A full production-to-table experience at the Simon Pearce flagship location, in Quechee, Vermont, reflects the legendary glassblower’s mission to meld character and function in the creation of treasured heirlooms. At the company’s two-hundred-year-old former woolen mill, spectators can witness workshop demonstrations before perusing an array of handmade merchandise in the retail space. Coming full circle, an on-site restaurant and bar offer locally sourced cuisine, served on the company’s elegant glassware and pottery. Seasonal menus pay tribute to Simon’s heritage, with cherished recipes, such as his mother’s hearty Ballymaloe Brown Bread, bringing the unforgettable taste of Ireland to this picturesque East Coast community.
- 1/4 cup unsulphured molasses
- 1 1/3 ounces fresh yeast or 2 packages active dry yeast
- 3 1/4 cups warm water
- Small amount of unsalted butter, for greasing the pan
- 7 cups wholemeal flour
- 2 teaspoons salt
- Preheat oven to 450 degrees.
- In a small mixing bowl, combine the molasses and yeast.
- Add water and gently whisk to break up any lumps.
- Allow about 10 minutes for the yeast to activate.
- Grease two 9 by 5 by 3-inch loaf pans.
- In a large bowl, combine flour and salt and make a well in the center of the mixture.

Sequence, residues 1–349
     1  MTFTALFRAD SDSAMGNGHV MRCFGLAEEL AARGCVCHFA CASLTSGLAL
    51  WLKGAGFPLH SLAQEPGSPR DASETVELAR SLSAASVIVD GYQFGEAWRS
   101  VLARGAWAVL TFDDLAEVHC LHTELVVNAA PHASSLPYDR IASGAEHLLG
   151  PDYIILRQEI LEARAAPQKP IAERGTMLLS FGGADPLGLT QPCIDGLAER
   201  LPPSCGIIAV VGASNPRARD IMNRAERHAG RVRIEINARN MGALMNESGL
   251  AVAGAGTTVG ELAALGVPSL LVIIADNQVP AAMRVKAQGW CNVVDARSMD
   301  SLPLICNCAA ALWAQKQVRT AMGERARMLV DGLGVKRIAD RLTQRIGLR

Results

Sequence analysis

- Add yeast mixture and mix gently by hand until thoroughly combined.
- Divide batter evenly between the two loaf pans and allow batter to rise for 10 t0 20 minutes, or until the dough comes to the top of the pans (be careful not to let the loaves overproof).
- Bake loaves at 450 degrees for 20 minutes.
- Rotate loaves, turn heat down to 350 degrees, and bake for 20 minutes.
- Remove loaves from the pans, return them to the over upside-down, placing them directly on an oven rack, and bake for 25 minutes.
- When done, the outside of the loaves should be firm.
Learn more about the artistry of Simon Pearce in “House of Glass,” on page 71 in the January/February 2016 issue of Victoria magazine.
Hi! What a beautiful design you have created. I just ordered a book through your si:gaPtean Christmas. It looks good. When my boys were little I knit them all these little jackets called Tomten Jackets. It was a pattern by Elizabeth Zimmerman and looks just like the pictures of your book. Love from luna :>D